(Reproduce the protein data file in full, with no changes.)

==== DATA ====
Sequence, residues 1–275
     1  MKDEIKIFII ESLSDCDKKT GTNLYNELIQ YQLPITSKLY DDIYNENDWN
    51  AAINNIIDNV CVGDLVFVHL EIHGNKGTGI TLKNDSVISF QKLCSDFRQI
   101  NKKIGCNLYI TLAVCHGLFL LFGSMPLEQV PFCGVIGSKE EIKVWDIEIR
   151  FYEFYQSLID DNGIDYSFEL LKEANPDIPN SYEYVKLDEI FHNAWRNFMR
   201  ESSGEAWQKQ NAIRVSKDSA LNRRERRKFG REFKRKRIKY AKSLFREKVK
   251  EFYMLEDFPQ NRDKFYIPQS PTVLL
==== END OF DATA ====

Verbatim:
Sequence, residues 1–275
     1  MKDEIKIFII ESLSDCDKKT GTNLYNELIQ YQLPITSKLY DDIYNENDWN
    51  AAINNIIDNV CVGDLVFVHL EIHGNKGTGI TLKNDSVISF QKLCSDFRQI
   101  NKKIGCNLYI TLAVCHGLFL LFGSMPLEQV PFCGVIGSKE EIKVWDIEIR
   151  FYEFYQSLID DNGIDYSFEL LKEANPDIPN SYEYVKLDEI FHNAWRNFMR
   201  ESSGEAWQKQ NAIRVSKDSA LNRRERRKFG REFKRKRIKY AKSLFREKVK
   251  EFYMLEDFPQ NRDKFYIPQS PTVLL